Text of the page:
Agarose layer phantoms were used because they are considered more reliable than injection phantoms regarding the simulation of a possible local cell accumulation after systemic application [29]. On the other hand, layer phantoms may lead to a lower sensitivity compared with injection phantoms in terms of cell detection. Furthermore, they are prone to artifacts especially in regions of transitions between layers due to air bubbles and additional susceptibility artifacts, that could be seen in our study as well, making the identification of labeled cells more difficult.

The results of our study suggest that SWI sequences are slightly superior to T2* sequences for the detection of VSOP labeled cells in large animal models due to a a slightly higher sensitivity for labeled cells. The shorter examination time with the SWI sequences present in our study has to be interpreted with respect to the different parameter settings and might eventually be avoided by improvement of the T2* parameters although this was not systemically tested in this study. Another limitation of our examinations could result from specific artifacts of the layer phantoms not present in vivo and therefore leading to an understimation of the detection limit. On the other hand, artifacts might be present in vivo that do not exist in a layer model, for example bleedings [39].

We were able to show a detection limit for VSOP labeled stem cells that seems to be sufficient for stereotactically implanted cells, a mode of application potentially relevant for upcoming stem cell therapies for stroke [16], [40]. Further improvements of imaging sequences may decrease the detection limit to a level sufficient also for VSOP labeled stem cells after systemic injection in large animal models.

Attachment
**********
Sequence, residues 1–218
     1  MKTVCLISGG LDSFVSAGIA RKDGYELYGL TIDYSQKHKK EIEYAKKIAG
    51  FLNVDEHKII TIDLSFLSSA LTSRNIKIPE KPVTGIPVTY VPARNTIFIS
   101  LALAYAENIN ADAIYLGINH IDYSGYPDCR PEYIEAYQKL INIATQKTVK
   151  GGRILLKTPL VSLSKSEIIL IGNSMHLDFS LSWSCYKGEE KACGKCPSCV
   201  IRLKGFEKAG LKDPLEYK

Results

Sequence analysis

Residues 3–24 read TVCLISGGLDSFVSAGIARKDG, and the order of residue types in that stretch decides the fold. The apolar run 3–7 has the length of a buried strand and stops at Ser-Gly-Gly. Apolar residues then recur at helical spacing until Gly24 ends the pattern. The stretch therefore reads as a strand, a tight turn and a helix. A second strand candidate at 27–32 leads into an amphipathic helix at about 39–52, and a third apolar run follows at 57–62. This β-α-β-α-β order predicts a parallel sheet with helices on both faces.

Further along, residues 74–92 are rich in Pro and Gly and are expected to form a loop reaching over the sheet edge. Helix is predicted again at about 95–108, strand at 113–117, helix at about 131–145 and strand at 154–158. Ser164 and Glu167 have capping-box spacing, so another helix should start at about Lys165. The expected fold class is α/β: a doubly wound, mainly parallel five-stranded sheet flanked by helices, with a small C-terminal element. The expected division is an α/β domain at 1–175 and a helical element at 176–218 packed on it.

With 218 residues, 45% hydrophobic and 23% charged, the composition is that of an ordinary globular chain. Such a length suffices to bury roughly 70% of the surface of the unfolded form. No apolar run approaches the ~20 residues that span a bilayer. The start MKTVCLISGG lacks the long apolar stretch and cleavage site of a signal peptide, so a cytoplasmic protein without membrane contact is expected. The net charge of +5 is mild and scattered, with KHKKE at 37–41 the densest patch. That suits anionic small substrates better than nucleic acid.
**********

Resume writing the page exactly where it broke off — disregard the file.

Improving therapy and outcome of ischemic stroke is a highly relevant issue and stem cell therapy may become an important part of it to close the gap between acute interventions such as thrombolysis and thrombectomy, and post-stroke medical therapy. Translation of methods to large animal models and stem cell tracking by imaging will play an important role to better understand the underlying mechanisms and effects achieved. Our results demonstrate that stem cell imaging is possible and sensitive enough in a setup applicable in large animal models of ischemic stroke and stem cell therapy.

Author Contributions

Contributed method for VSOP cell labeling: AS. Review of the manuscript and of the replies to the reviewers: AS. Conceived and designed the experiments: DL AYD JB KTH. Performed the experiments: DL AYD. Analyzed the data: DL AYD JB KTH. Contributed reagents/materials/analysis tools: DL AYD. Wrote the paper: DL AYD JB KTH.